Quadratic models were used to allow statistical comparisons of behavior across the entire experimental period and to permit estimation of parameters related to acclimation and deacclimation behavior. Models showed significant differences between genotypes at critical dates across the experimental period. Because the quadratic model fits the data to a symmetric smoothed curve, it does not recognize plateaus, and thus the LT50 minima estimated from the quadratic model varied in some cases from the raw data values (Table 4 vs. Table 2). For example, the quadratic model places the LT50 minima for ‘Bluecrop’ and US 1056 at approximately Week 15 in the middle of their plateau period, making their LT50 minima appear to be earlier than the raw data show. This is less the case for US 1043, ‘Legacy’, and ‘Tifblue’, which have no plateaus in the raw data. Despite this shortcoming, the modeling has value in being able to make predictive estimations for genotypes such as ‘Little Giant’ and ‘Northsky’ whose midwinter values could not be measured (Table 4).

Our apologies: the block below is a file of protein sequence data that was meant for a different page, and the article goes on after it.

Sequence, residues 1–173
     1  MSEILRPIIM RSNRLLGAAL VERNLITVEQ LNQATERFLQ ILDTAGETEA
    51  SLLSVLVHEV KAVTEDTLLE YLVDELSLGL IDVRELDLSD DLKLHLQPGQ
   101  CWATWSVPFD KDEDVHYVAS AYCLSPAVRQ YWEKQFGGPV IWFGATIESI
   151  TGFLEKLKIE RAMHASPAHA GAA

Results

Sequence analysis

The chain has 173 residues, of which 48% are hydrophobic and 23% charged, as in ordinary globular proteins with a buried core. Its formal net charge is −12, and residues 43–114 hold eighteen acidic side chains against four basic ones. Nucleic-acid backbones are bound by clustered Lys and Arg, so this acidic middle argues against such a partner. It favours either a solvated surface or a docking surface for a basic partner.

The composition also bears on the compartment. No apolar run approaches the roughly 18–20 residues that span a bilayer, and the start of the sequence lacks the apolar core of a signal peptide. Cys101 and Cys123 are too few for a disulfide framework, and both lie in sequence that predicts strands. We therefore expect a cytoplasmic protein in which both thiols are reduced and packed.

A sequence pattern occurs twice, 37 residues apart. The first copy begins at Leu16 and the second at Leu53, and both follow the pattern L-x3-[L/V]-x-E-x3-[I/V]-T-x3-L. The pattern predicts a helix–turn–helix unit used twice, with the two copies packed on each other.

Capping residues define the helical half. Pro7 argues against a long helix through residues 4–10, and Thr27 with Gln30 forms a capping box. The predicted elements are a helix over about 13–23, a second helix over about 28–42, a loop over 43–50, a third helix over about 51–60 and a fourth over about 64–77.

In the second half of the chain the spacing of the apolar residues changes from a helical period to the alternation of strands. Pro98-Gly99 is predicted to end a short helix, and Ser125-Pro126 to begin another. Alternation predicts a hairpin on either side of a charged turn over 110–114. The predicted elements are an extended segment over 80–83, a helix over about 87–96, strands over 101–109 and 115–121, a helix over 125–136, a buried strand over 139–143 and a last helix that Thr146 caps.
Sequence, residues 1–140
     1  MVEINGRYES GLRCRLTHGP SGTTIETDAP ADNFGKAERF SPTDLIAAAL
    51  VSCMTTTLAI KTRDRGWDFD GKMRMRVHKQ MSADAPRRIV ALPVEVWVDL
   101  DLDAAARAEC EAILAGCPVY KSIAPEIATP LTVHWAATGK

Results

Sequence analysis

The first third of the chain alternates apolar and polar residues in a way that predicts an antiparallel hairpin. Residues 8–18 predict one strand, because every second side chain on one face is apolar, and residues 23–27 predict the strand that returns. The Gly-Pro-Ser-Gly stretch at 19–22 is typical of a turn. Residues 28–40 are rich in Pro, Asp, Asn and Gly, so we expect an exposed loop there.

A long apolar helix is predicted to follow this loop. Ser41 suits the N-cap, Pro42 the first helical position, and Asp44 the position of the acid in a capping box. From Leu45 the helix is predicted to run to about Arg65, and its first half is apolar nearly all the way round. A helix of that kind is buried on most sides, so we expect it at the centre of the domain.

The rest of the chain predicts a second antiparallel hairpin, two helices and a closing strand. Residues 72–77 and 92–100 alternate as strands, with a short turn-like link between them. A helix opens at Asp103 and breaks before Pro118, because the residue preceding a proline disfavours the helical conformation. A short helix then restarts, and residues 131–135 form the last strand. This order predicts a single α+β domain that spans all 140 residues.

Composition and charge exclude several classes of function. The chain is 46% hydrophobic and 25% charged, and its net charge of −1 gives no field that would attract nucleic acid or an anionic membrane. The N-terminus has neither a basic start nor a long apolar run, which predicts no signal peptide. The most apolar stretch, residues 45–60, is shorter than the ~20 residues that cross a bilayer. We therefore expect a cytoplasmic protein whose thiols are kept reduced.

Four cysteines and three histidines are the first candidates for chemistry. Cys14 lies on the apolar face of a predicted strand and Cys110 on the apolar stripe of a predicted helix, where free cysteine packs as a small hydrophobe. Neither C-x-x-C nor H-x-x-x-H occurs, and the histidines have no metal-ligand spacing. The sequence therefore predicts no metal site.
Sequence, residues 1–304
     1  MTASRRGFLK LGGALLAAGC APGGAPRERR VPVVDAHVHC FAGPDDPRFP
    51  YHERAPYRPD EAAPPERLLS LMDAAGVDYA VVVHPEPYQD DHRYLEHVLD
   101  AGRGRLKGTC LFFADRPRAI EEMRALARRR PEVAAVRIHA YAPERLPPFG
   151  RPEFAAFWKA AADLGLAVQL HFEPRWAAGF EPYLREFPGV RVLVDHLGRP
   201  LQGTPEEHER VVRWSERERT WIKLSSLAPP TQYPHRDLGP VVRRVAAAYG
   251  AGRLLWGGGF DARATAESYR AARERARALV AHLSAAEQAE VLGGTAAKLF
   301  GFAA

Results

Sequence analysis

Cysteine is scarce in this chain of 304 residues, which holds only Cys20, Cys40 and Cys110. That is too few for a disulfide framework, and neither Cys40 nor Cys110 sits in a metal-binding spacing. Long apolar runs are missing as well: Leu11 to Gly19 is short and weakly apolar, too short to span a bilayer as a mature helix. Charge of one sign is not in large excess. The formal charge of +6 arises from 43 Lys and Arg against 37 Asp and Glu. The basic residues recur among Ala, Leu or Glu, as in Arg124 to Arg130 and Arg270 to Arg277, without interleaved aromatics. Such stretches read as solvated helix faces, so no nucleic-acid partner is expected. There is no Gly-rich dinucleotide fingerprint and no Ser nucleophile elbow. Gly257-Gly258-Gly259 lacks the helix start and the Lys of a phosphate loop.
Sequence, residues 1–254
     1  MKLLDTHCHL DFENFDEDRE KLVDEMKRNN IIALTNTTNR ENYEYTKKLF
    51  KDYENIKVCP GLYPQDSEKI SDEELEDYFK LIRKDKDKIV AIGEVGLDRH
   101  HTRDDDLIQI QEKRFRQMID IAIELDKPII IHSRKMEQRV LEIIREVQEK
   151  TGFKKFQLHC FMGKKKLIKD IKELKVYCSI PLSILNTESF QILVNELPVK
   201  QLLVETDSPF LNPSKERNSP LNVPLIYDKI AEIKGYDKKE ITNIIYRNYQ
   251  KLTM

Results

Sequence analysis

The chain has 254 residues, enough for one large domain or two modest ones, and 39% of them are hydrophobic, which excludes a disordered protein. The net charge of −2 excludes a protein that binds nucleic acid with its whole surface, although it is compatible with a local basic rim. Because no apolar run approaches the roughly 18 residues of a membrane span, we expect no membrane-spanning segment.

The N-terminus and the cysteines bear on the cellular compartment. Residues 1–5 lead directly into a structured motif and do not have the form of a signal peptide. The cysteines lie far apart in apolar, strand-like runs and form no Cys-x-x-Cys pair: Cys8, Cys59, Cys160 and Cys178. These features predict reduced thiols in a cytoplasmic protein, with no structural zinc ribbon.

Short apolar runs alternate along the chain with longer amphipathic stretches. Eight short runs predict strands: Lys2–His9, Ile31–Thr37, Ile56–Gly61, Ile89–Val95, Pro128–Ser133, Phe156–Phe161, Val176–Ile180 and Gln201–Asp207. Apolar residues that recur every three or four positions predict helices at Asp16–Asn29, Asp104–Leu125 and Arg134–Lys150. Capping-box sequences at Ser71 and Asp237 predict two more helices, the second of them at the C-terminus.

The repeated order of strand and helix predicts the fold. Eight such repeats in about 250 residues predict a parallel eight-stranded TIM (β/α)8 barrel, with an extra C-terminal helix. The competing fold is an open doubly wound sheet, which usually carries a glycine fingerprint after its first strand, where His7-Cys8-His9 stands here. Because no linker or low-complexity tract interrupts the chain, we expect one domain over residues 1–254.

Table 4.

Comparisons of estimated mean temperatures causing 50% lethality (LT50) for blueberry genotypes across 2 years (2006–2007 and 2007–2008) for critical dates as derived from a quadratic model.

Table 4.

The quadratic models of the general form, LT50 = a + bx + cx2, describe bud cold-hardiness (LT50 values) as a function of weeks (x) of acclimation/deacclimation (Table 5). In these models, “a” is a compensation factor related to the initial LT50 for each selection. The “b” coefficient is a relative indication of when the LT50 minimum will be reached in the modeled equation, wherein lower values equate to an earlier date to reach minimum LT50. The coefficient “c” is a relative measure of rates of acclimation/deacclimation, wherein a lower value indicates a slower rate.

Table 5.

Quadratic acclimation/deacclimation models for field-grown plants of blueberry genotypes over a 28-week interval across 2 years (2006–2007 and 2007–2008).

Table 5.